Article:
Play against the game, not each other.


This was written for the Games for Educators October 2012 newsletter which can be viewed HERE.

I read an article recently in the Quincy Hearld-Whig written (see HERE) by a guy named Steve whose family was in desperate need of a cooperative game.  In the article he recalled a game of Monopoly where his wife and stepdaughter were “giving” each other properties and when Steve asked what they were doing she said, “Oh, this is how we do it, so everyone has some good ones.  It’s no fun if someone has to lose.”

I’ll admit that I, as well as Steve, found this to be an interesting and perplexing version of Monopoly.  Unlike Steve who thought having a winner and a loser was “like the 11th commandment,” I do think there are times when it’s enjoyable to just play for fun without one winner but in those cases I’d be more inclined to reach for a cooperative game than one where your goal is to bankrupt your opponents.

Back before 1900 there were plenty of “games” that didn’t have a winner or a loser, but were instead intended solely to amuse the players.  One of these games was Parker Brother’s Komical Konversation Kards (1893) where one player would read a question card and another player would draw and read the answer card for a Mad Libs-like game.  Grandma’s Game of Riddles (1887) were cards that had riddles which were read to the group and a score of who answered the most riddles could be kept, but wasn’t necessary.

The idea of playing together for everyone’s enjoyment has been around for a long time but has recently seen a resurgence. Peaceable Kingdom Press has a whole line of cooperative games for kids including Hoot Owl HootFeed the Woozle and Willly’s Wiggly Web.  Spin Master just released its new cooperative family game Volcano Island Countdown and there are plenty of adult games that include cooperative play including PandemicForbidden Island and for real game geeks Arkham Horror, Battlestar Galactica, Castle Panic and many, many more.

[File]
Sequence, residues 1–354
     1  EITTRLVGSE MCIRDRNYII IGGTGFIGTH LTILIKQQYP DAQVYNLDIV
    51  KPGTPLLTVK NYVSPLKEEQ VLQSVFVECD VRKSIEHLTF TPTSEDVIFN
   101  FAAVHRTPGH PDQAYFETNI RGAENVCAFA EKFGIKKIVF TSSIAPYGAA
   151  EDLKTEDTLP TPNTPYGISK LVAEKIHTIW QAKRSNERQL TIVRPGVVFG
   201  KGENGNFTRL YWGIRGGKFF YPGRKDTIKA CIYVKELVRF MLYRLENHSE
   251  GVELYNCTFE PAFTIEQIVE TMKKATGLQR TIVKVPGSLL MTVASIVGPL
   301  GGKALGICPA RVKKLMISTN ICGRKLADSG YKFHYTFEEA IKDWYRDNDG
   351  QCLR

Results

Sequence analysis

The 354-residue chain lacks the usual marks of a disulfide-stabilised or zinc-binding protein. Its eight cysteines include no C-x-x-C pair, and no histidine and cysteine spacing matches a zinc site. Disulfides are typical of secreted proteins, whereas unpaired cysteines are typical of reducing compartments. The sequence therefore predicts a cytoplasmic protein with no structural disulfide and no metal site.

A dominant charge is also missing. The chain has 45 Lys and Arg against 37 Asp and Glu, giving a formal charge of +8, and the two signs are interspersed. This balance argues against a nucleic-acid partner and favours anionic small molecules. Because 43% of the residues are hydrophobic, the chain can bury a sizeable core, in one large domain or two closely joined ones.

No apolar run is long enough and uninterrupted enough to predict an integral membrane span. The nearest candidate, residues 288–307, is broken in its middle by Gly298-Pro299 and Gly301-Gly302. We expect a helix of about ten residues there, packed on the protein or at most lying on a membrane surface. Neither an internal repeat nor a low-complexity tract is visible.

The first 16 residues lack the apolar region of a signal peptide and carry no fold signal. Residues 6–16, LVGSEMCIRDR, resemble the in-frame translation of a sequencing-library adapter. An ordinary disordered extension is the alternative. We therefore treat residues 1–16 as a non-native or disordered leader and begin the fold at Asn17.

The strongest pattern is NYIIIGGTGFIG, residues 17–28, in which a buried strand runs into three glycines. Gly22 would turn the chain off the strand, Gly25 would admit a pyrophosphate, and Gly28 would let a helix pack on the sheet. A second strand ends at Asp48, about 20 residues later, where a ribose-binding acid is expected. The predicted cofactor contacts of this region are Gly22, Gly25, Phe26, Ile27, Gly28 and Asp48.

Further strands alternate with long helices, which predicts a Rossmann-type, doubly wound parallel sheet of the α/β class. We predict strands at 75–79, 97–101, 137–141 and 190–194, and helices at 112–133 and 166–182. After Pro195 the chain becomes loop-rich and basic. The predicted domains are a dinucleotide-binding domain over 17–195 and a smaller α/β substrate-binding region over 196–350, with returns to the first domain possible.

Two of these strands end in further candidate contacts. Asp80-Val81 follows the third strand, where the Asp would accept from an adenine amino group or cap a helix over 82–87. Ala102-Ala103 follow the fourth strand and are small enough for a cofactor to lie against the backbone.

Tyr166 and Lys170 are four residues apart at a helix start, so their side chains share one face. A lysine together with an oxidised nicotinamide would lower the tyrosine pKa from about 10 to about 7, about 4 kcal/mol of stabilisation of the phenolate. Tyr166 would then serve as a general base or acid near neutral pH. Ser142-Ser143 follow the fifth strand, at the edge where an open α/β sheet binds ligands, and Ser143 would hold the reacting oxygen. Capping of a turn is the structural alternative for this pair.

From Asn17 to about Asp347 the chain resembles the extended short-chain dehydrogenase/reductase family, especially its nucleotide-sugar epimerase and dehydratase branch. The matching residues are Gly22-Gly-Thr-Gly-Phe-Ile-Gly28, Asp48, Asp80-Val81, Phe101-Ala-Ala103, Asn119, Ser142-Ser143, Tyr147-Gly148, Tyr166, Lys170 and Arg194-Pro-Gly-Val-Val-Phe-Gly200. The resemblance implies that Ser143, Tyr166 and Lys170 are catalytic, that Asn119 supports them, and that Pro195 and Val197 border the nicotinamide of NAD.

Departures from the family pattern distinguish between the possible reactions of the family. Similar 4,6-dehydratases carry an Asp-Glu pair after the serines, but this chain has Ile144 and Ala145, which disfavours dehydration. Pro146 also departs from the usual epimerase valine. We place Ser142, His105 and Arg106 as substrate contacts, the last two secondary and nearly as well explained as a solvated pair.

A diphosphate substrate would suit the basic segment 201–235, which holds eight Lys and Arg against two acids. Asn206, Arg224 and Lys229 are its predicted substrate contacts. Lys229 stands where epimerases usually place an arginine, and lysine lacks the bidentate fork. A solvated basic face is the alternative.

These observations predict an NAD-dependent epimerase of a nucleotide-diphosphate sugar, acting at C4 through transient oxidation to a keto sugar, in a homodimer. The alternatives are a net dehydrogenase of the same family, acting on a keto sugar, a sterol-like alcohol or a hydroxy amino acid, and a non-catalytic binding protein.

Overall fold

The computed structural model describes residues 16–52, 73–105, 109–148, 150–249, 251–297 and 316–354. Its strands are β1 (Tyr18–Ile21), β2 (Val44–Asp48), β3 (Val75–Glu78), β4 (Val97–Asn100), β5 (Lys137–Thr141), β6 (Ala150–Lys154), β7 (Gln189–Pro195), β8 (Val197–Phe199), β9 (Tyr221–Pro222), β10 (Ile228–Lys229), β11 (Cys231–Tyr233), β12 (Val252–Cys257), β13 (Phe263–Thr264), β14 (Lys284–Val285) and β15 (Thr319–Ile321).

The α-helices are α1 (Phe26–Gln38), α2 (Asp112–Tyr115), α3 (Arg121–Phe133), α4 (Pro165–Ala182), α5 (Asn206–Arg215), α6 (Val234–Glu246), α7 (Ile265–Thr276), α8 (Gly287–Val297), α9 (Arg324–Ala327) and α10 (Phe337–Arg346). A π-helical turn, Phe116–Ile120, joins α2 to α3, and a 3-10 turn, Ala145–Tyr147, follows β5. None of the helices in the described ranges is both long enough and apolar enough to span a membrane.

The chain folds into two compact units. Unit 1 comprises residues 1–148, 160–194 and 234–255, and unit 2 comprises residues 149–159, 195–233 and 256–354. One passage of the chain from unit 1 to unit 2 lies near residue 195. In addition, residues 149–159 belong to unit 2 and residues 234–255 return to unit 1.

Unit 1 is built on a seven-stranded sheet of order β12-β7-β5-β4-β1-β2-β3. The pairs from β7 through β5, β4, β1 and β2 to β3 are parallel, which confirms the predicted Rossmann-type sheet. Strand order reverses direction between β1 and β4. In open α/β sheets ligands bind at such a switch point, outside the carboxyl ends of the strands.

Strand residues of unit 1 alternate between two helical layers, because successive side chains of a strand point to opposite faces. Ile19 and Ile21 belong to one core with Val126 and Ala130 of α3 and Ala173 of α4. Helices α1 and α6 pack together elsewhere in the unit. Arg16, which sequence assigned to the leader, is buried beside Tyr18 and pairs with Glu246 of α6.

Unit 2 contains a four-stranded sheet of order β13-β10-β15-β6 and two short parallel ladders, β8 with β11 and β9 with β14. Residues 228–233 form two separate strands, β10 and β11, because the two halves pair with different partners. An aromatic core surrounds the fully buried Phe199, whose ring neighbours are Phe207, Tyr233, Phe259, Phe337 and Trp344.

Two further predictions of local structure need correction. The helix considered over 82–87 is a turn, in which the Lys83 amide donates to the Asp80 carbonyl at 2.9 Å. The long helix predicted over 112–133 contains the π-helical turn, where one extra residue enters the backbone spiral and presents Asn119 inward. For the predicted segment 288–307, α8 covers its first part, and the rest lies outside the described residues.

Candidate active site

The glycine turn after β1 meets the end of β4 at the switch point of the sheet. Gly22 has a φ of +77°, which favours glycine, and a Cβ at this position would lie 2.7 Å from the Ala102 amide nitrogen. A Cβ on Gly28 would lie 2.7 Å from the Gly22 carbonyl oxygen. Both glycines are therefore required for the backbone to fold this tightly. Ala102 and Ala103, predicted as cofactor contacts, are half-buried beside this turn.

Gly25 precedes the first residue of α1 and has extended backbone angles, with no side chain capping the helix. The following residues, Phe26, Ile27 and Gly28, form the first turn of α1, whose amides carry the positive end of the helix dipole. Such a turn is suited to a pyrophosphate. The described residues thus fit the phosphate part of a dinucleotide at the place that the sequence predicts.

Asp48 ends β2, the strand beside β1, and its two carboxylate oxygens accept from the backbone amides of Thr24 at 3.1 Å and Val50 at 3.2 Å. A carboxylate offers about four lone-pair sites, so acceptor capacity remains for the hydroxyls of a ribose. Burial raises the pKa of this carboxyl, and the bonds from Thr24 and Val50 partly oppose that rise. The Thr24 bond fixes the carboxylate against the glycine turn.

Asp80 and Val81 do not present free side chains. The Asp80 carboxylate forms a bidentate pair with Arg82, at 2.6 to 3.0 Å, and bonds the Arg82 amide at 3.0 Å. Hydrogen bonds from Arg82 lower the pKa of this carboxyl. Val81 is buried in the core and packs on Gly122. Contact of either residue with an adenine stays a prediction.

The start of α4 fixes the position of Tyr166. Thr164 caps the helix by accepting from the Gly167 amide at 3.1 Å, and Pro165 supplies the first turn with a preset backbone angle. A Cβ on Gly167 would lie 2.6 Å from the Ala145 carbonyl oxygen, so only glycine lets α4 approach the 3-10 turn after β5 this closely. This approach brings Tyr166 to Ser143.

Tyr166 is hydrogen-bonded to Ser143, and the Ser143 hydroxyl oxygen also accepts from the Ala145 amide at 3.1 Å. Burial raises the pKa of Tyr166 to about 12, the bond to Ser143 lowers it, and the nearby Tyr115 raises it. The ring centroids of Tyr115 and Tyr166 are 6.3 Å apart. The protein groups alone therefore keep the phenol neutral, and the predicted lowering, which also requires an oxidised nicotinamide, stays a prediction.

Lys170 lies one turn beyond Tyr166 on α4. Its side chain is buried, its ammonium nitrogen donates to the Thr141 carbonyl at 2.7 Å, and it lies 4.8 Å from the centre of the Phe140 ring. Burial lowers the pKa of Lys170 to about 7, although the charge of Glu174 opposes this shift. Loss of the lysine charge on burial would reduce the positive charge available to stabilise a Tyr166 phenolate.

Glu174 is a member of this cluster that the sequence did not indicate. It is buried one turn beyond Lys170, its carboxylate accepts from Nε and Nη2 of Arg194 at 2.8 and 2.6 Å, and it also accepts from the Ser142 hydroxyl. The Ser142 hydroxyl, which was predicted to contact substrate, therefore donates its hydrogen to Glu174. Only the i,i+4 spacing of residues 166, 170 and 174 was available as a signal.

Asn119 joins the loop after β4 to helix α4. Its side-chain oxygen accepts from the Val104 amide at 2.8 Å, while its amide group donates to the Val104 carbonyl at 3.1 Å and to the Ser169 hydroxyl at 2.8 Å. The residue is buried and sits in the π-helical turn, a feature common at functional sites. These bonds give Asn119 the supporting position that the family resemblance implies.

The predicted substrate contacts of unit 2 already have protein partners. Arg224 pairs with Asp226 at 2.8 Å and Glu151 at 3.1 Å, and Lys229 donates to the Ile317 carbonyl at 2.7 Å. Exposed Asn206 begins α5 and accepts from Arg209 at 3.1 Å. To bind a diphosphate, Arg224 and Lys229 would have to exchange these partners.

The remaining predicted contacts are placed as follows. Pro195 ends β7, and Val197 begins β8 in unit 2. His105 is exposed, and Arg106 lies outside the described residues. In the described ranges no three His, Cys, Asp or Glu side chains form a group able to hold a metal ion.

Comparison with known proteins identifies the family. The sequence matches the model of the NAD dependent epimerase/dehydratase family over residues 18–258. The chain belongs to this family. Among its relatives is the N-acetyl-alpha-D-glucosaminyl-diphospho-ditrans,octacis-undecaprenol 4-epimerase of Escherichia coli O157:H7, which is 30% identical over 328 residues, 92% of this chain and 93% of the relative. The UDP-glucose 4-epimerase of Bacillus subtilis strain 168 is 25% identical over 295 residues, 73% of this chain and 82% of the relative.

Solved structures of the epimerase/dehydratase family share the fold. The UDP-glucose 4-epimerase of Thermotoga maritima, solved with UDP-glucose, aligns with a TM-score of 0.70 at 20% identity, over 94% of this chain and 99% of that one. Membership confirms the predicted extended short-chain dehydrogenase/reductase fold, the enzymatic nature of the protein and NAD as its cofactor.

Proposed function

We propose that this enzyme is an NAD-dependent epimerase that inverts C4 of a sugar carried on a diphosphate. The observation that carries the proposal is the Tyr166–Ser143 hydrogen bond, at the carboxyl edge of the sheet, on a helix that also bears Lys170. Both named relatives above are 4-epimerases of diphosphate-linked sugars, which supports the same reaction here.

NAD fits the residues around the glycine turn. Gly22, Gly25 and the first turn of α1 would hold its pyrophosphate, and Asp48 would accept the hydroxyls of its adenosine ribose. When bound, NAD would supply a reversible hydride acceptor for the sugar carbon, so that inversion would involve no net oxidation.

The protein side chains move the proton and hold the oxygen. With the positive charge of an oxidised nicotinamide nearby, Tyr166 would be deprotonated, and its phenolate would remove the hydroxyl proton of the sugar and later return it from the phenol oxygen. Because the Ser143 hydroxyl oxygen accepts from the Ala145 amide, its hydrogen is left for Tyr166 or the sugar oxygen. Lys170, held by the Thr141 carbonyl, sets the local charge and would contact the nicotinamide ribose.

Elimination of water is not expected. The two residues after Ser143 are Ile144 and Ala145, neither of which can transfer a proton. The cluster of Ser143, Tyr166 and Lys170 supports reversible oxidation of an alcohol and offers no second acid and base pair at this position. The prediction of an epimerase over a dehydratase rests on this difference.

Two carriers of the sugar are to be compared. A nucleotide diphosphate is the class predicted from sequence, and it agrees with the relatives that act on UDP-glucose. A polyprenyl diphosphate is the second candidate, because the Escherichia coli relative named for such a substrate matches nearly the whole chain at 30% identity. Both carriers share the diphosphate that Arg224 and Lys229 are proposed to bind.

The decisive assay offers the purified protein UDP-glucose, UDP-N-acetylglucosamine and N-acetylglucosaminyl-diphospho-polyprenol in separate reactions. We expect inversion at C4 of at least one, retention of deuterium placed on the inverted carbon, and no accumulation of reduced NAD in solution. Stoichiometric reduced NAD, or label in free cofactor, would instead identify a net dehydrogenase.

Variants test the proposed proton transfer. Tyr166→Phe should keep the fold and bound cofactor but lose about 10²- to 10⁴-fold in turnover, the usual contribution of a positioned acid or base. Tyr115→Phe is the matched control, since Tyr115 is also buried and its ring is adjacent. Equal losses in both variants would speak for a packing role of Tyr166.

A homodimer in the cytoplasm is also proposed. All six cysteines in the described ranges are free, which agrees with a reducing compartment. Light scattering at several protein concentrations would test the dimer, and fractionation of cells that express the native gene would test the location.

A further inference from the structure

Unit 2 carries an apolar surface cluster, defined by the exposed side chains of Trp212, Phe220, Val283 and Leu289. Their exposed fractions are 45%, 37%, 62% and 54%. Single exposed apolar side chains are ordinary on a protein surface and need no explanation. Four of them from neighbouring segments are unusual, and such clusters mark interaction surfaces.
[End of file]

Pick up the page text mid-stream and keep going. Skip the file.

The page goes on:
The real challenge is that most people don’t realize these games exist.  Maybe that’s because we all seem to think that games must have winners and losers.  In a way cooperative games DO have winners and losers – the game can win when the players don’t succeed in their task, just the players can win when they work together and complete a challenge.

Some games you have on hand in your home can easily be turned into cooperative games.  Can you reach a certain height with your Jenga tower?  Can you fill the Connect 4 board without getting 4 in-a-row? Can you match all of the Memory tiles in less than a certain number of turns?  What about Scrabble? Try removing 15-20 tiles from the game leaving the rest in the bag to play with.  Keep 7 tiles face-up at all times and see if you can use ALL the remaining tiles to make words on the board (it can be hard!).

Finding ways to play against the game instead of against other players is a great way to bring the group or family together.  So whether you purchase a cooperative game or modify a game to be cooperative I hope you shake things up and find fun new ways to play!

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